Signing Of Uganda-Tullow Venture Delayed On Latest Disagreement

KAMPALA Uganda (Dow Jones Newswires), Sep. 26, 2011

Uganda is contesting a key provision of its current oil agreement with U.K.-based Tullow Oil in the latest dispute to delay the long-discussed $2.93 billion sale of its stake in three oil blocks to French oil major Total and China's CNOOC (CEO).

President Yoweri Museveni sent a directive blocking the signing of the agreement, which was originally scheduled for Sept. 15, according to two people familiar with the matter. Museveni opposes a "stabilization" clause in the agreement that the country fears could
limit its share of additional cash if oil prices rise significantly from today's level.

The dispute is the latest to accompany Uganda's very recent emergence as a major oil and gas player.

Museveni's written directive blocking the deal was also seen by Angelo Izama, the director of Ugandan nonprofit research group known as Fanaka Kwawote. "At the moment, the Ugandan president has put a freeze on the stabilization clause debate" Iszama said.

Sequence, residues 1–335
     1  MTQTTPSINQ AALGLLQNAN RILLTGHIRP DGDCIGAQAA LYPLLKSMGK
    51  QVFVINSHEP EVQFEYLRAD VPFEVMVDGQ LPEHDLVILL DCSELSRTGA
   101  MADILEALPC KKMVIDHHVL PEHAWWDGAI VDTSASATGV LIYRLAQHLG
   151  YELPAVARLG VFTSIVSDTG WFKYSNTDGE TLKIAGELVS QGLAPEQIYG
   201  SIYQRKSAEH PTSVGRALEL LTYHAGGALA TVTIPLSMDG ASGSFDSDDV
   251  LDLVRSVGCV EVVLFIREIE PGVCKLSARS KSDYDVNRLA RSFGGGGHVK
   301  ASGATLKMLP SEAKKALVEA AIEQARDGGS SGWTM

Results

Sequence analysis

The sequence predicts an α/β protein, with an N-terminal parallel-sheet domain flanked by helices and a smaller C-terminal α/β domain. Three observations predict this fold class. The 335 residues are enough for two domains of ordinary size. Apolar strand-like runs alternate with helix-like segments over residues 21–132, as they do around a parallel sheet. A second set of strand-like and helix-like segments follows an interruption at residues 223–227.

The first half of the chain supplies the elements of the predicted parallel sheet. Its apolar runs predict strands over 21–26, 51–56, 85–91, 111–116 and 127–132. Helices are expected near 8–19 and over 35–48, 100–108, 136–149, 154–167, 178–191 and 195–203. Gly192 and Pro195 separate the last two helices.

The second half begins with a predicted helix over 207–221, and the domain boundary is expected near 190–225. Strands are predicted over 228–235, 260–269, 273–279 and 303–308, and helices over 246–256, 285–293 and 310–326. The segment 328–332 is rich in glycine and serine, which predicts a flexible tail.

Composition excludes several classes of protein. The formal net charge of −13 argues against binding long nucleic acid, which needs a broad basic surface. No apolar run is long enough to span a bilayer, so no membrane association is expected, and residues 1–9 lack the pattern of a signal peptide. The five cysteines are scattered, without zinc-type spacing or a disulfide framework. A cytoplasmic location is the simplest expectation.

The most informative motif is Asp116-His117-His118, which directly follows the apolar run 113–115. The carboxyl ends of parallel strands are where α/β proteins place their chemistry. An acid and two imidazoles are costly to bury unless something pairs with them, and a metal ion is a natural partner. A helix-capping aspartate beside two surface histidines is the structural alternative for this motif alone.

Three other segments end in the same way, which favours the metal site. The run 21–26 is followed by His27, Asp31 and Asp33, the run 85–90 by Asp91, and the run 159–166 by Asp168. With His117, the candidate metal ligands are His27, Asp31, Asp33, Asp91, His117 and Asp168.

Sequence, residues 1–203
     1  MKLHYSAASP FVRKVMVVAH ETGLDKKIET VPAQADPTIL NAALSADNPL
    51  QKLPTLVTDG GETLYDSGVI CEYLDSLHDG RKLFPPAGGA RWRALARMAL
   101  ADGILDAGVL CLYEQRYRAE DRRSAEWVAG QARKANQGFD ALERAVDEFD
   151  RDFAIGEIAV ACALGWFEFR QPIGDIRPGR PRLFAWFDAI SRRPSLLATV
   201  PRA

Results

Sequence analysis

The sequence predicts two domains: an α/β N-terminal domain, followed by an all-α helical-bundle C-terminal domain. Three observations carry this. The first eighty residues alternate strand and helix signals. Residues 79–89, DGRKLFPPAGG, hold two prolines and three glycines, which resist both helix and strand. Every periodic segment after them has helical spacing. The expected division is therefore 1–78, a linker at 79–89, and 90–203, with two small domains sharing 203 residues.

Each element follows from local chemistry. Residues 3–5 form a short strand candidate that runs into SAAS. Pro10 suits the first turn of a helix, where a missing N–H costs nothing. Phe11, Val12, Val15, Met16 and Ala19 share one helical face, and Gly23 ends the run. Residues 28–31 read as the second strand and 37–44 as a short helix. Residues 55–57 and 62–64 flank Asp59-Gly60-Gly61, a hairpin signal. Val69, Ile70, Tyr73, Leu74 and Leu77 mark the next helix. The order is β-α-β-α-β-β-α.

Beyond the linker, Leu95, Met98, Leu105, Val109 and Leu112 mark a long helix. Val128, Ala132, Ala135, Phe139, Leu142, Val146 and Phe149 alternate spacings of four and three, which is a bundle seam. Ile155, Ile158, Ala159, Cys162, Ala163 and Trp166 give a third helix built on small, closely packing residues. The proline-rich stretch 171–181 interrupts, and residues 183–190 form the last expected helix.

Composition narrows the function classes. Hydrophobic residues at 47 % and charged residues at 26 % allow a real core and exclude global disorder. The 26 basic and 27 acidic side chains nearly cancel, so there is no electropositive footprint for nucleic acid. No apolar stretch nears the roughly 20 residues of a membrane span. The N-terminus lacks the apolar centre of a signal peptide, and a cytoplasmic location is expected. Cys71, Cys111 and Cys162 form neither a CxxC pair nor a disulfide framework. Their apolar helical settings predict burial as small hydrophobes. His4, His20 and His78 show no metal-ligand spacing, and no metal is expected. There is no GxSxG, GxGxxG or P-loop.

A Museveni spokeswoman declined to comment directly on the directive, but said Uganda's energy minister is prohibited from approving energy deals without a presidential directive.

Uganda's energy ministry is still negotiating the final details of the deal, said Irene Muloni, Uganda's Energy and minerals minister. A
final deal could still be signed in the next "few days," Muloni added.

A person familiar with the talks between Tullow, its partners and Uganda said the parties were already in correspondence about the
issue. In addition, "a counter-proposal will be sent to the Ugandan government, most likely later today," the person said.

A Cnooc spokesman declined comment. A Total spokesperson had no immediate comment.

Uganda is also currently locked in a long-running dispute with U.K.-based, Heritage Oil over a $405 tax bill emanating from its $1.45 billion sale of its assets in Uganda to Tullow last year.

The Ugandan government gave a conditional approval of the Tullow, CNOOC and Total joint venture in April. Upon the conclusion of the transaction Tullow will operate block 2, and transfer the operation of blocks 1 and 3A to Total and CNOOC respectively.

The three companies are expected to invest at least $10 billion to develop the oil assets, which will include the building of a
1,300-kilometer pipeline to the Kenyan port of Mombasa.

Copyright (c) 2011 Dow Jones & Company, Inc.

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